Indian customs law, which provides for levy of import and export duties on goods imported into and exported from India, is based on the World Trade Organisation's Customs Valuation Agreement in so far as determining taxable value for duty purposes is concerned. In case of any related-party transaction, the declared import price is not accepted unless it is established that the relationship between the buyer and the seller has not 'influenced the price' of the imported goods. Upon failure to establish this, the transaction value is rejected, and the valuation of the imports is administratively referred to the Special Valuation Branch (SVB). The SVB sequentially applies valuation rules prescribed under Customs Valuation Rules to determine the arm's-length transaction value. As per the Rules, this value is determined based on import value of identical goods or similar goods (with necessary adjustments), the deductive value method or computed value method, and thereafter the residual method.

Outlook and conclusions

In the past two decades since transfer pricing laws were introduced, the law has consistently evolved and is largely aligned with international best practices. Litigation has, however, seen no respite despite the introduction of safe harbours. India's APA programme has been successful in lending certainty; however, obtaining an APA is a time-consuming process and, on average, takes four to six years. The law will mature as safe harbour limits are rationalised and disputes pertaining to margin computations and selection of comparable are laid to rest.

Taxpayers would be well advised to maintain robust transfer pricing documentation as courts give cognisance to documentation maintained by taxpayers; most transfer pricing disputes are eventually settled in the taxpayer's favour.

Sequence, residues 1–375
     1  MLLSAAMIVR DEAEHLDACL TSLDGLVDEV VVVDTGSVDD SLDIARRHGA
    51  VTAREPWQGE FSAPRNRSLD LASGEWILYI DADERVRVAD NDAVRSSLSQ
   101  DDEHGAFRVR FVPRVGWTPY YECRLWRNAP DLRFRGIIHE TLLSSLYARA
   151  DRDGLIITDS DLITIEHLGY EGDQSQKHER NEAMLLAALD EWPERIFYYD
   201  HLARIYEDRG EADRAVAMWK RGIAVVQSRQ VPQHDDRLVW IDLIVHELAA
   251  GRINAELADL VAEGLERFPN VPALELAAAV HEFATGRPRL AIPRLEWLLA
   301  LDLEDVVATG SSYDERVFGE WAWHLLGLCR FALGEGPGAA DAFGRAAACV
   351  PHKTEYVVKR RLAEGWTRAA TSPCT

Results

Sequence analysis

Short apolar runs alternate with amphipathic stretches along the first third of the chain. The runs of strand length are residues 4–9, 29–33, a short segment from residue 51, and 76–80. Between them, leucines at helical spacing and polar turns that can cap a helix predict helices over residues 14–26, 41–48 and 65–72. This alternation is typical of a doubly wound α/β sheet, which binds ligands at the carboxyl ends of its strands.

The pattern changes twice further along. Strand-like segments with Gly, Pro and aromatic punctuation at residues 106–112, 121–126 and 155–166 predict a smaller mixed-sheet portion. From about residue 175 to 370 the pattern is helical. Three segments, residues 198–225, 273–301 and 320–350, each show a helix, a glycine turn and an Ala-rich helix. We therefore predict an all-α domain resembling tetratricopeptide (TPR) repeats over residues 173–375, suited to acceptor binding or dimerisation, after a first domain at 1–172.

The tax administration has reiterated its intent to operate in the multilateral framework laid out by the OECD under the BEPS Inclusive Framework. It will be interesting to see how much transfer pricing controversy is settled by adoption of the two-pillar solution.

Footnotes

1 Mukesh Butani and Seema Kejriwal are partners at BMR Legal Advocates.

2 The law is applicable to all taxpayers: corporates and non-corporates, and residents and non-residents, with income chargeable to tax in India.

3 It is widely debated that this amendment signifies that the profit attribution of PEs is different from FAR analysis and indicative of the Indian Revenue authorities' shift from a FAR to a FARM analysis.

4 The definition of Specified Domestic Transactions was inserted in the ITA by the Finance Act 2012, wherein certain transactions between domestic companies were considered as specified domestic transactions subject to conditions. The aggregate of such transactions entered into by the taxpayer should exceed the threshold limit of 200 million rupees from assessment year 2016–17.

5 Section 92F (v) of the Act.

6 The unspecified methodology was introduced as from the financial year 2011–2012.

7 Under the faceless scheme, all correspondence will take place electronically and the taxpayer will not have in-person hearings with the tax officer.

8 The Finance Act, 2022 has extended the timeline for its inclusion by 31 March 2024.

9 These powers are enshrined in Sections 133A and 133B of the ITA, which empower the TPO to enter any premises to inspect such books of accounts, cash, valuables or any information as the TPO may require that may be useful or relevant for the proceedings.

10 Such revision can only be carried out by a senior tax officer.

11 This instruction is aligned with the OECD recommendation on appropriate use of information contained in the CbCR.

12 Instruction No. 2 of 2018.

13 The notification specifically provides that use of information contained in CbC reports shall be considered as inappropriate under the following circumstances: (1) if the information is used as a substitute for a detailed transfer pricing analysis of international transactions and determination of arm's-length price based on a detailed functional and comparability analysis; and (2) if the information is used as the only material to propose a transfer pricing adjustment.